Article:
BIAS IN AUDITORY PRIMING forced-choice tasks. The model is related to other wordidentification models such as the logogen model (Morton, 1969, 1970, 1979) and the interactive activation model (McClelland & Rumelhart, 1 9 8 1 ) in that responses are initiated when word units or counters accumulate sufficient information to exceed a threshold value. In Ratcliff and M c K o o n ' s account, priming effects are modeled by the counters corresponding to previously studied words attracting more information than they otherwise would. The experiments here were designed to determine whether priming effects in the auditory domain show the same empirical pattern o f bias as in the visual domain and therefore can potentially be explained by the counter model. We began with a replication o f the priming effect in auditory identification to demonstrate that our materials and equipment allowed us to produce the same results as Schacter and Church (1992). Participants heard a list of words in the study phase o f the experiment, and then they were presented with target words mixed with computergenerated white noise in the test phase. They were asked to name each target word. We replicated priming in that participants were better able to name a word that had been presented in the study phase. We also included in our design a condition that Schacter and Church did not, a condition in which the previously studied word was similar but not identical to the target test word. For example, if sunk was studied, the target test word might have been sung. We thought there might be some small costs associated with study o f a word similar to but not the same as the target test word, even though identifying a word by naming it is not as sensitive as identifying it in forced choice for showing the costs associated with bias (see Ratcliff & McKoon, in press; Ratcliff et al., 1989). In Experiments 2 and 3, after replicating priming in Experiment 1 with identification by naming, we switched to forced choice.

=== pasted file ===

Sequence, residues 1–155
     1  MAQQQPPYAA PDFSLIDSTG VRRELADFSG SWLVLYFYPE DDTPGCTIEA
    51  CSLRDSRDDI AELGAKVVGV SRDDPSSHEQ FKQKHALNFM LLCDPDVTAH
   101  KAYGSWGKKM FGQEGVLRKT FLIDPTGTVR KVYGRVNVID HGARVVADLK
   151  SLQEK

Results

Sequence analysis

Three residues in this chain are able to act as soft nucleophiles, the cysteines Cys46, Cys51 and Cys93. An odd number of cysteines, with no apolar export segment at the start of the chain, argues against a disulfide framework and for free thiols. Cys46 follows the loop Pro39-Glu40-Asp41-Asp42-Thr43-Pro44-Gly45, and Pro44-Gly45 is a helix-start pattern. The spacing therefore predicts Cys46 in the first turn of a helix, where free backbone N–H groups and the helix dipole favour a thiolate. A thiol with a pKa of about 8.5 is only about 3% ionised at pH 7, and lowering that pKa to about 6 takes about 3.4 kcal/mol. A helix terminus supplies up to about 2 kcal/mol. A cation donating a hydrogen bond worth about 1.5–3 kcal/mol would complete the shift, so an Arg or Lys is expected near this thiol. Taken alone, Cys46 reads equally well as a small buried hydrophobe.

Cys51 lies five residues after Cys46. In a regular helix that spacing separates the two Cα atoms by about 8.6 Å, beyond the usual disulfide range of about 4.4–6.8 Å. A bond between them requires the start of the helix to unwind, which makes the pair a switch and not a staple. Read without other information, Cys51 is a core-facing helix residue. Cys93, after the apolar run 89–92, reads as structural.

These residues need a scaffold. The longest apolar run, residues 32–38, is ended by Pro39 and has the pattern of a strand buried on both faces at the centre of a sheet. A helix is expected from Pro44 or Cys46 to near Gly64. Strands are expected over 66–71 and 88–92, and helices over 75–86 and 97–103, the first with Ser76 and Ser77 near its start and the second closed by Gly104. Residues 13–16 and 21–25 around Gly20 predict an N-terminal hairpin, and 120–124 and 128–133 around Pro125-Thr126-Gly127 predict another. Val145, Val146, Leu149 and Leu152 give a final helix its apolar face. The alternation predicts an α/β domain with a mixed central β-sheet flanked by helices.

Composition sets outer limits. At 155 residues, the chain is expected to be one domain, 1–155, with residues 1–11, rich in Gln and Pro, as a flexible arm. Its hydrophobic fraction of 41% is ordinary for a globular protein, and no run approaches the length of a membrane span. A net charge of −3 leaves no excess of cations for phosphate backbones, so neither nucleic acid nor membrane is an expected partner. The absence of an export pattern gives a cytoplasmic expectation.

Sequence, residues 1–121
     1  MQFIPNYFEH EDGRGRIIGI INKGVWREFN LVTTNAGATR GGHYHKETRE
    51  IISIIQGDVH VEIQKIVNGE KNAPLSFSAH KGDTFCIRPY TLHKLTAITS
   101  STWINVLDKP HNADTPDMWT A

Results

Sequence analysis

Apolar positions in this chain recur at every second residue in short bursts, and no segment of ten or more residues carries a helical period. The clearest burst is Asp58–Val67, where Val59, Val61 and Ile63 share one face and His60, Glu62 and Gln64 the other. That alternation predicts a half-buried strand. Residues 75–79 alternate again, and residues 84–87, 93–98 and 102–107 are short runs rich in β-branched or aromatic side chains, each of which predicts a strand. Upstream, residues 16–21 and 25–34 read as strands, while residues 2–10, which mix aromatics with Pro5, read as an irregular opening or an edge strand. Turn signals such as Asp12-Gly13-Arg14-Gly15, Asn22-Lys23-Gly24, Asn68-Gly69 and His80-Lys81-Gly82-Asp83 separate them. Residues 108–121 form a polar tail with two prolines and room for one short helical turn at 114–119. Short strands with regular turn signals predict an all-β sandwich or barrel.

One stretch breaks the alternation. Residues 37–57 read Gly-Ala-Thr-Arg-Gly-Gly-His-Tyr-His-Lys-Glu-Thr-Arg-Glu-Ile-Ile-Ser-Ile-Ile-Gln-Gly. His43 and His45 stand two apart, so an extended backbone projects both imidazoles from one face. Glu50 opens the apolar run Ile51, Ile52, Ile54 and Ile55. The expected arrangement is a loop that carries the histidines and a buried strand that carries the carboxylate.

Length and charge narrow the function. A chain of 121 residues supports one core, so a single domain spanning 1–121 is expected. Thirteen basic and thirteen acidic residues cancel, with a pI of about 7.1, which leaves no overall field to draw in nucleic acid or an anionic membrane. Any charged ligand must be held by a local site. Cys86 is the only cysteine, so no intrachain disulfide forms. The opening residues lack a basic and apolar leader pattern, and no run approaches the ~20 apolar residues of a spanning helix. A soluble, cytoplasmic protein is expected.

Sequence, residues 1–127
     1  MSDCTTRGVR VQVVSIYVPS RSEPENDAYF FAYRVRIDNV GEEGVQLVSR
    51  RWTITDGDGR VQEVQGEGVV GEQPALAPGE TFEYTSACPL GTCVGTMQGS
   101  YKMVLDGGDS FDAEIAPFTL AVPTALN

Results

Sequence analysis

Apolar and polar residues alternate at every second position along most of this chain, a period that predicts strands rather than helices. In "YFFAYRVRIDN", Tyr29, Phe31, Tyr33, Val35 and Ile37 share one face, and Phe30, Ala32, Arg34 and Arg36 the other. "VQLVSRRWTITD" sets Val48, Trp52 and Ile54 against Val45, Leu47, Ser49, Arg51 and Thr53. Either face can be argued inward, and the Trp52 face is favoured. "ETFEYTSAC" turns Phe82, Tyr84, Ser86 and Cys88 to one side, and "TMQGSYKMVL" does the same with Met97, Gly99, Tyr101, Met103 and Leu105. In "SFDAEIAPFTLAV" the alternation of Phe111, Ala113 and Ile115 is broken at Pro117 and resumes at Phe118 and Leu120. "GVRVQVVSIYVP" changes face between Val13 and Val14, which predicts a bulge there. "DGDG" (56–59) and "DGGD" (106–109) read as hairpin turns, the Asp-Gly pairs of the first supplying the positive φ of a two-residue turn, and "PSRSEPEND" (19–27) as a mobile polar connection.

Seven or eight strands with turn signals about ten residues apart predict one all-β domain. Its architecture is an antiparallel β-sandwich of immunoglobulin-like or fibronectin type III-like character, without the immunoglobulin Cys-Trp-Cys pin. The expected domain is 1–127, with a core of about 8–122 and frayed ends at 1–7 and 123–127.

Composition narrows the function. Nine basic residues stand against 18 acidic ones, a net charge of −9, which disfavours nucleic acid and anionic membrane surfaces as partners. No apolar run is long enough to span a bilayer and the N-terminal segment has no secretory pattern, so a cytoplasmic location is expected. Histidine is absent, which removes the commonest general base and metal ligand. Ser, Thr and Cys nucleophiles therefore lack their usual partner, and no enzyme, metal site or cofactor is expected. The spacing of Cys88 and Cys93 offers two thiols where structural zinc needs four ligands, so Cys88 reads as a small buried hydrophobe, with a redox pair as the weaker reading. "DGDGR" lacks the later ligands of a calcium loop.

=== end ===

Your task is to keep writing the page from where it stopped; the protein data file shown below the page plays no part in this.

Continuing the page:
Experiment 1

Method Participants. The participants for the experiment were 24 Northwestern University undergraduates participating either for pay or to fulfill a course requirement. Participants were tested in groups of 1 to 4. Materials and apparatus. Sixty pairs of similar-sounding words were chosen as stimuli for the experiment. The pronunciations of the words in each pair differed from each other by only one or two phonemes. The phonemes that differed within a pair were either stop consonants (Ipl, It/,/k/,/b/,/d/, and/gO or weak fricatives (If/, IT/, Iv/, /D/, and/IV). We chose words differing in only these consonants so that they would be difficult to distinguish in a background of white noise. All of the words in this experiment were either one or two syllables, and within each pair of twosyllable words, the accent fell on the same syllable for both words (see Appendix). The stimuli were spoken by a female speaker and recorded on a cassette tape. They were then digitized on a NeXT workstation at a sampling rate of 8,012 Hz and in some cases were edited with a waveform editor (edsnd version 1.4) to ensure that the words in each pair sounded reasonably similar to each other. The editing consisted of cutting and pasting vowel sounds from one word in the